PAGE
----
The Office of Science and Technology Policy in the White House has announced plans for several small changes to high-skill visa regulations. While the details have not been fully developed, most of these reforms will make it easier for IEEE members to work in the United States.
Starting with students, the White House has proposed expanding Optional Practical Training (OPT) status for some degrees and fields. OPT allows STEM graduates of U.S. universities to work in the United States after graduating. The number of months a student’s OPT status lasts depends on their field, but can be as long as three years. The White House is proposing to add additional STEM degree fields to the list of fields eligible for the full three years. While most degrees earned by IEEE members already qualify for the maximum, a few newer emerging fields will be added to ensure that all engineering students are included.
After leaving their student visas, the White House is proposing to help STEM students to acquire an O temporary visa or an EB-2 green card. In each case, qualification criteria for the visas will be adjusted to make it easier for immigrants with STEM degrees to qualify.
The O visa, or “Nobel Visa,” is notoriously hard to get – intentionally. The visa is supposed to be used only by people of “Outstanding ability” in their fields, which make it especially hard for younger IEEE members to use. The White House wants to relax these standards a little bit to make the O more attractive to exceptional STEM professionals. The O visa is a temporary visa, so it can’t lead directly to citizenship, but does offer workers more freedom than the H-1B visa. Making more O visas available to technology professionals will, therefore, improve the immigration process for those workers.
Eb visas are the most common green cards used by IEEE members to immigrate into the United States. EB-2 visas are typically used by candidates with Masters degrees. While there is a backlog for EB-2 visas, it is much shorter than the backlog for EB-3 workers, who typically have Bachelors degrees. The White House’s proposal would make some EB-3 applicants eligible for an EB-2 instead, which could shorten their wait time by many years.
On the other hand, since the White House lacks the authority to create more EB visas without help from Congress, this reform won’t change the average wait time for all applicants, nor help those still trapped in the EB-3 system. Moving some immigrants into the EB-2 category is good for those individuals, which IEEE-USA supports, but won’t help fix the more systemic problems with the EB visa.
Lastly, the White House has proposed making it easier for STEM researchers to use a J visa. This change is more troubling. The J visa, or “Exchange Visitor” visa, is supposed to be used by people who want to learn about American culture, enhance their language skills, or teach. Over the years, it has evolved into a visa used by international workers in a specific set of fields to work in the United States. These fields include au pairs, camp counselors and seasonal workers, but also include university lecturers and researchers. The proposed reforms will make it easier for university researchers to use a J visa, although probably not anyone else.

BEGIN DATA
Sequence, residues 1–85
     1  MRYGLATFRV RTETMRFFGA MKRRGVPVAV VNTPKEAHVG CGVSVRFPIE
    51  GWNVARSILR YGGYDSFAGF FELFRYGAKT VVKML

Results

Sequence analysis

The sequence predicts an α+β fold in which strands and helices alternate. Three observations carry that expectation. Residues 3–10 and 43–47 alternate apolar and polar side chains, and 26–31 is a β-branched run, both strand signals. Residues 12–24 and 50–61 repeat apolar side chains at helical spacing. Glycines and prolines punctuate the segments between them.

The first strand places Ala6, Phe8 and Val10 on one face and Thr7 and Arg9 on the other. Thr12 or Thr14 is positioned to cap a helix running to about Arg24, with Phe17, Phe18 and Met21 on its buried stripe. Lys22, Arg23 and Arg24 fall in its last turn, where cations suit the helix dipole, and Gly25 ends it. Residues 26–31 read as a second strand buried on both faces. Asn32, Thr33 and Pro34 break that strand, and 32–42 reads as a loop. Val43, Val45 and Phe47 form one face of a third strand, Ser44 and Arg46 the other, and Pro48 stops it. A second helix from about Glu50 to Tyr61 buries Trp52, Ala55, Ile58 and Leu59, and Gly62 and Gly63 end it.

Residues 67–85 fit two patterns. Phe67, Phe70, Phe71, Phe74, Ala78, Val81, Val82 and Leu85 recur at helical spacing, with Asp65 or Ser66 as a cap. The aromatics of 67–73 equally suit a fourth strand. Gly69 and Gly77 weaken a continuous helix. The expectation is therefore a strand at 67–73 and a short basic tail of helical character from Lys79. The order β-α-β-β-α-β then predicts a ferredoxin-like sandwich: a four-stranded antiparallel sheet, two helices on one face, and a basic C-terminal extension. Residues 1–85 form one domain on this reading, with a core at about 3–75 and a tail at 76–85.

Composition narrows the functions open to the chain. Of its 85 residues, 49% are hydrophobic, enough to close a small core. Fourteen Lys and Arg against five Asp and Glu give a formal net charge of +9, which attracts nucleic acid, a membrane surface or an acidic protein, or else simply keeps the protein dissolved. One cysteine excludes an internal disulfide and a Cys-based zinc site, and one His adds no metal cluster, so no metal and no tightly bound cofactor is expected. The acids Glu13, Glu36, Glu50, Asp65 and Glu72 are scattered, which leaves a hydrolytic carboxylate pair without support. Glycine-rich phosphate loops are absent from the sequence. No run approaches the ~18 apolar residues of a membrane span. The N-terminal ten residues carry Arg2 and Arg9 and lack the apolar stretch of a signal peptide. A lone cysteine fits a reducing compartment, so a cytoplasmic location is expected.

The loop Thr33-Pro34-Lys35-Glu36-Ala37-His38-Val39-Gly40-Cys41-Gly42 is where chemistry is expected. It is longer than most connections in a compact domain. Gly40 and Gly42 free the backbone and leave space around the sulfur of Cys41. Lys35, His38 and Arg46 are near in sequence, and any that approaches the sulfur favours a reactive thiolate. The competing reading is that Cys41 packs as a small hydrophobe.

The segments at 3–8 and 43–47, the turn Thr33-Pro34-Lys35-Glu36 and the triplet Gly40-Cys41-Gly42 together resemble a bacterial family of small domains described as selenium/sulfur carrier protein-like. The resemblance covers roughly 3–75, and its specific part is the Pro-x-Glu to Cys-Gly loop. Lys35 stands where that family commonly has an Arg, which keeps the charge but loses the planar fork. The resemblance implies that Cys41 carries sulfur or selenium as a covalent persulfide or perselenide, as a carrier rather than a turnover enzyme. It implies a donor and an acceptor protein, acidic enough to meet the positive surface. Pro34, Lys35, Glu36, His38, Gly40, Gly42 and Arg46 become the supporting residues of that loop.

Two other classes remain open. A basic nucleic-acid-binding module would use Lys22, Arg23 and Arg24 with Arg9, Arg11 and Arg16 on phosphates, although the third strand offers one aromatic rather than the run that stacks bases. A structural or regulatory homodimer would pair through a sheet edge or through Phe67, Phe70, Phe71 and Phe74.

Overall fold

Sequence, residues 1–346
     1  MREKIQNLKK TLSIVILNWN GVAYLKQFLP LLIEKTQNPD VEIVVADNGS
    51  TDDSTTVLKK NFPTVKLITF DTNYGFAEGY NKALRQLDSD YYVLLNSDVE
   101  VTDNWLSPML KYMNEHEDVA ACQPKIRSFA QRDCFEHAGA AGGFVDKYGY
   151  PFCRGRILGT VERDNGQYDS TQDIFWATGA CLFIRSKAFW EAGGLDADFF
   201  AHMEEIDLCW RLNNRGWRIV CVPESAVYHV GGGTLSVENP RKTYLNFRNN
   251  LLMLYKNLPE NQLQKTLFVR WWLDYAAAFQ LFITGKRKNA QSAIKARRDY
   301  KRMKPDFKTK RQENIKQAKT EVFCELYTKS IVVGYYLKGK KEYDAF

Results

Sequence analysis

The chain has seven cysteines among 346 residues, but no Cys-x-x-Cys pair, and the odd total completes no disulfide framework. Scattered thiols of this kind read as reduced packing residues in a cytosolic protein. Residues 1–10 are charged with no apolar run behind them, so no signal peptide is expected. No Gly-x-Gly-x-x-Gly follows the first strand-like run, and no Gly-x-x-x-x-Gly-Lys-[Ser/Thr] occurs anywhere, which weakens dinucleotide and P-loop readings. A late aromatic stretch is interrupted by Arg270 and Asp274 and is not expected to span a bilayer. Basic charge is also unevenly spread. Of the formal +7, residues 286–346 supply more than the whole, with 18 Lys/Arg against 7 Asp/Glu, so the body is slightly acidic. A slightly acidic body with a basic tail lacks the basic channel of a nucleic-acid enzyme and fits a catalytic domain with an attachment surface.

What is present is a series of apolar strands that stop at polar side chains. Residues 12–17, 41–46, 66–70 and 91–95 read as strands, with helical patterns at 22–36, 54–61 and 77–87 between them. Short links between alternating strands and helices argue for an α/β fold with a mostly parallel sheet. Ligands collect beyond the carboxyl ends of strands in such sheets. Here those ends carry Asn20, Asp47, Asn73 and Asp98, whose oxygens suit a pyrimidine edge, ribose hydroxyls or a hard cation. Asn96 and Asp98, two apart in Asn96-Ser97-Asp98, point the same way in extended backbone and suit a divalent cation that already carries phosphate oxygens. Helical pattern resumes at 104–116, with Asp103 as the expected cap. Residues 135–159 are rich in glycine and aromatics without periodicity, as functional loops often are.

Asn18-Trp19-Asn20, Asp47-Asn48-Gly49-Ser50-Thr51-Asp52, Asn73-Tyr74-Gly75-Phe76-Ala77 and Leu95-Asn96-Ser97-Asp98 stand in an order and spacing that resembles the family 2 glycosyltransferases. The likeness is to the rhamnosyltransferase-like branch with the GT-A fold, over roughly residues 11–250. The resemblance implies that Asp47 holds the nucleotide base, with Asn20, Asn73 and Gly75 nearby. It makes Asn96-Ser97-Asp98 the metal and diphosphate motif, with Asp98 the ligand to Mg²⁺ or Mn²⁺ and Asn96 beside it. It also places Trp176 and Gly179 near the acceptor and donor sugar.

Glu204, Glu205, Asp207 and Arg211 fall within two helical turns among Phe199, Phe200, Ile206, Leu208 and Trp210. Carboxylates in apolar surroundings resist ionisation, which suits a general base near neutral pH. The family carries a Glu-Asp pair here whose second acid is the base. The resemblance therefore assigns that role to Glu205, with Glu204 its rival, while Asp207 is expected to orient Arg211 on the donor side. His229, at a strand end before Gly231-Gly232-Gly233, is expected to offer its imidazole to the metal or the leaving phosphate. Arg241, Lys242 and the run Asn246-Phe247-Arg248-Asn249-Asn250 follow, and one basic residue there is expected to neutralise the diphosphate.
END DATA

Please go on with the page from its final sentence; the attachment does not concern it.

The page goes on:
The J visa, like the O visa, is a temporary visa, which means it can’t be used to transition directly to American citizenship. Unlike the O visa, the J visa usually has a fixed duration – typically two years – and cannot be extended. Two years is insufficient time to navigate the green card process, which is why J visa holders rarely go on to become citizens. In fact, the program is designed not to create American citizens, although making the transition is not technically prohibited.
IEEE-USA is concerned that relying on the J visa could trap potential immigrants in a legal status that does not offer them a reasonable chance of gaining permanent legal status, and therefore places citizenship off limits. IEEE-USA strongly support high-skill immigration into the Untied States, but knows true immigration requires permanent legal residency and, if desired, citizenship. Temporary visas, such as the J, that do not offer a reasonable route to a green card are not optimal options for most potential immigrants.
Setting aside our concerns about the J visa, the other reforms are modest, but positive. They won’t dramatically speed the skill-based immigration process, but should make that process a little less unpleasant. Real systematic reform to America’s high-skill immigration system, however, will have to wait for action from Congress.
Russell Harrison is IEEE-USA’s director of government relations.